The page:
While the combined cost of the microphone and programs might seem excessive, Wildlife Associates has bulk deals for the microphone alone that brings the cost down to $450 in lots of 100. On the other hand, the curriculum can be used and reused for many years and the microphone can be passed from class to class when it’s time to study bats.
In other words, the Echo Meter Touch ends up being an economical way to teach about one of the marvels of nature.
$499; $523, with curriculum
+ Great ecology curriculum
+ High frequency microphone and software
+ Record and identify species
+ Listen to recordings
+ Spectrogram presentation
+ GPS location
- CD doesn’t contain classroom materials
- Can’t use microphone and AC power at the same time
Having a large carriage inkjet printer like Epson’s new SureColor T7270 may seem like a luxury that most districts can’t afford, but it can save on printing expenses and be the centerpiece of fund raising campaigns. Whether it’s to sell parents posters of student athletes, make classroom banners that help with teaching or put digital artwork on paper, the T7270 can pump out printed sheets that are up to 44-inches wide with 2,880 by 1,440 resolution.
It works with a variety of media, from photo paper to hard poster-board and the system uses Epson’s PrecisionCore inkjet technology. The printer has its own imaging chip as well as an optional print server, Postscript engine and a 36-inch wide scanner that can create 600dpi images. With a single media roll, the T7270 sells for $4,995 while the two-roll version costs $6,995 and the scanner adds $4,500.
If there’s anything that the typical school room lacks, it is AC outlets and it is never more apparent when you have to choose between charging your iPad for class or your phone. You don’t need to choose anymore because Kensington’s KeyFolio X3 has a USB port for charging a phone or other device. Its keyboard wirelessly connects with the pad and puts out a steady 1 amp of current, which should work for most phones, but might take longer for than using the phone's included adapter. Unfortunately, it only works with iPad Air models.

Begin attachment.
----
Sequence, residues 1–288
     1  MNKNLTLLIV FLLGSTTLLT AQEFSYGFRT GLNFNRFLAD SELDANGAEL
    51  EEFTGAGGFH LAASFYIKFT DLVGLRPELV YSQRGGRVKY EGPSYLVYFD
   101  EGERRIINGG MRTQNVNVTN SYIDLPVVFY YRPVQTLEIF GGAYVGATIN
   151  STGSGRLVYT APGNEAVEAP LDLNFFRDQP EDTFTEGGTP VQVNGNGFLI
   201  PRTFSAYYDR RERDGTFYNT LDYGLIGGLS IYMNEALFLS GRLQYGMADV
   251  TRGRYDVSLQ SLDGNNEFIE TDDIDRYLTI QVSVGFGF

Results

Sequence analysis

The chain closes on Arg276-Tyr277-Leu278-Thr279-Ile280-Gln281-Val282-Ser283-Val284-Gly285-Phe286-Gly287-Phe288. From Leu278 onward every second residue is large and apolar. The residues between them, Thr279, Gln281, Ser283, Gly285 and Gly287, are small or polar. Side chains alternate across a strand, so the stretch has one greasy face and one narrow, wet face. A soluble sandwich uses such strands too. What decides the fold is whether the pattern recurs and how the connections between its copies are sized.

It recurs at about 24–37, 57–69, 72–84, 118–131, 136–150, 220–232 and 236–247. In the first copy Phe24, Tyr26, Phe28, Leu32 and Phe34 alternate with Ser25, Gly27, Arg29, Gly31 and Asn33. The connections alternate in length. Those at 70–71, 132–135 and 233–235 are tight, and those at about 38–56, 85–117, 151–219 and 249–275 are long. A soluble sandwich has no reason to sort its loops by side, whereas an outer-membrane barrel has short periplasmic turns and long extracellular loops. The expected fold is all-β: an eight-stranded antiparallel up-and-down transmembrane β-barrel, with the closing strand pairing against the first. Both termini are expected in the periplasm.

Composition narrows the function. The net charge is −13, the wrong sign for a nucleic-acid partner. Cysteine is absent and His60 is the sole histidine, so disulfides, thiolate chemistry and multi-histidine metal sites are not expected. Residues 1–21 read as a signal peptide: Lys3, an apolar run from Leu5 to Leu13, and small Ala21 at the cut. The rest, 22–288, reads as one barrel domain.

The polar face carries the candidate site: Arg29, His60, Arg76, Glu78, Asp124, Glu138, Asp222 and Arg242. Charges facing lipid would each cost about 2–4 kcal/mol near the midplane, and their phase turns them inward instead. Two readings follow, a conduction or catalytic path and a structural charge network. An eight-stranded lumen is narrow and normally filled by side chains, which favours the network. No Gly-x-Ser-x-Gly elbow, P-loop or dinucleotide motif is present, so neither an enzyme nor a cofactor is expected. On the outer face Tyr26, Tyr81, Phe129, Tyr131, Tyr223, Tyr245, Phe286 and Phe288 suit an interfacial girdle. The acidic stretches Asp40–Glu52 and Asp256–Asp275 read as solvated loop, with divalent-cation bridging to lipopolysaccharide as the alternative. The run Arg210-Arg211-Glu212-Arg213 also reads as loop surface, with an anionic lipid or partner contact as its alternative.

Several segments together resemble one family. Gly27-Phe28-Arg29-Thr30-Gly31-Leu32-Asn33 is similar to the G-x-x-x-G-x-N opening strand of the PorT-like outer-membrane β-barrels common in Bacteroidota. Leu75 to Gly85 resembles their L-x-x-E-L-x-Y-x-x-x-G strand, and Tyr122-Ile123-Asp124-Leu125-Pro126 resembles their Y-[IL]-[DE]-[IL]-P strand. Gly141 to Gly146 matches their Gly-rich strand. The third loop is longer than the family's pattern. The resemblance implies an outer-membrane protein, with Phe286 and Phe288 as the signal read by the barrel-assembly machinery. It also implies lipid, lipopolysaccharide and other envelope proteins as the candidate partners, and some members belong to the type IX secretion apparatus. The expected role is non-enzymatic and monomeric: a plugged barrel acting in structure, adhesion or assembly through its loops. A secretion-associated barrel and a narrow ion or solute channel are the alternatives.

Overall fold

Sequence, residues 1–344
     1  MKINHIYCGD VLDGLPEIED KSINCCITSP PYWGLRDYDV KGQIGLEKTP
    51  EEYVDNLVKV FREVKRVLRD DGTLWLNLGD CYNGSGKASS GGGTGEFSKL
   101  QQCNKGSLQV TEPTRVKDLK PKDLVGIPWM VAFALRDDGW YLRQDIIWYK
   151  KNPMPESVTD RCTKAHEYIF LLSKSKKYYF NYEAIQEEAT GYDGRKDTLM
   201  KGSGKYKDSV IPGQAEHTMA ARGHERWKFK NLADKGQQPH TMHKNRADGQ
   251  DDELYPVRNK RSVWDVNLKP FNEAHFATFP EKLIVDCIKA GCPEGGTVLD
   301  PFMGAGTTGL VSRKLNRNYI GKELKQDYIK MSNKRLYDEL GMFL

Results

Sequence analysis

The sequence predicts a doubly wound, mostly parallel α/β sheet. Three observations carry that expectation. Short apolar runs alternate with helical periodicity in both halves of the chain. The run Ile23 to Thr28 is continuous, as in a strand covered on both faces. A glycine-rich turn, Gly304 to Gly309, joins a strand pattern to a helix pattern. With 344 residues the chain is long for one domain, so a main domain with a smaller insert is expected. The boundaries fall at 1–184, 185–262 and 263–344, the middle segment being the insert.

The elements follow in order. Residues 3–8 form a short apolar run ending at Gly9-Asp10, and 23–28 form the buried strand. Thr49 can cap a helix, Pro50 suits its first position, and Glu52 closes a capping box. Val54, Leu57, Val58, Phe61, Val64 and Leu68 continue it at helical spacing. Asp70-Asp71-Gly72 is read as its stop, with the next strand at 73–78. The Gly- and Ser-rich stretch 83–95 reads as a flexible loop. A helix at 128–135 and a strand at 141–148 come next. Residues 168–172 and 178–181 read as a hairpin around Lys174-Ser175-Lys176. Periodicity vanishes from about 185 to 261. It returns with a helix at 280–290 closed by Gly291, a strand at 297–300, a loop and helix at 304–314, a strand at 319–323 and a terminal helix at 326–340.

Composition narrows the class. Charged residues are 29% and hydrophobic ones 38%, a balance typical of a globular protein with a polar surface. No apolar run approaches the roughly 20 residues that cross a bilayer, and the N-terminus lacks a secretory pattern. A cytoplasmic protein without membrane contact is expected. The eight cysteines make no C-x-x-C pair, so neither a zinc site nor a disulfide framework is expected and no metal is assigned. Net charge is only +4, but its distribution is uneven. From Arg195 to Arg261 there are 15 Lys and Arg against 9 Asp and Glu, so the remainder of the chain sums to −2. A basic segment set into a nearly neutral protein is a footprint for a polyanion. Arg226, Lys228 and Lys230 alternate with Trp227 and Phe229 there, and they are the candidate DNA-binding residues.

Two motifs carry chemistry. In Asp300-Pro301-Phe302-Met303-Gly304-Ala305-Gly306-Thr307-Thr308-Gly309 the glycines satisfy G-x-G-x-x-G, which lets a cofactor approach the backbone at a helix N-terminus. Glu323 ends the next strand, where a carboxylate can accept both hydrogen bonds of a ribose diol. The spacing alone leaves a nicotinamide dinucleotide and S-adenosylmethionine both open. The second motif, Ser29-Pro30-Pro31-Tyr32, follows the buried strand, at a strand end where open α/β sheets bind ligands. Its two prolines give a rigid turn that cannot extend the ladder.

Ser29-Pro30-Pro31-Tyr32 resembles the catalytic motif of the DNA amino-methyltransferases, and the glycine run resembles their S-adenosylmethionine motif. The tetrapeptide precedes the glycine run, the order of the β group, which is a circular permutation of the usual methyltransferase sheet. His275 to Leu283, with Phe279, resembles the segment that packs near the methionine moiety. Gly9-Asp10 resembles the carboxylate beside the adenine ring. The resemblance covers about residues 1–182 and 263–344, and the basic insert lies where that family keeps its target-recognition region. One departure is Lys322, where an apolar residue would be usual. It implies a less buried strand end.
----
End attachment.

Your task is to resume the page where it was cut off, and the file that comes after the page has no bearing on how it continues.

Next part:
The ultimate expression of failure for a school and its staff is a kid who drops out, but it doesn’t have to happen. MindShine Technologies has a white paper on identifying those at risk and keeping them in school until graduation day. “From Early Warning to Professional Development: Streamlining the Process and Expanding the Scope of Dropout Prevention” looks at all the risk factors and the warning signs so teachers and staff can concentrate their attention where it will have the biggest effect.
Ask any teacher or school staffer about what gets broken first and they’ll tell you that headphones are just too fragile for kids. Not any more, with Marblue’s Headfoam headsets. Made of molded EVA foam, they bend but usually don’t break and are right-sized for kids from pre-K to high school. Available in three colors, HeadFoam headphones have an audio limiter that doesn’t let the sound get any louder than 85 decibels, which can save a child’s delicate hearing. They cost $40.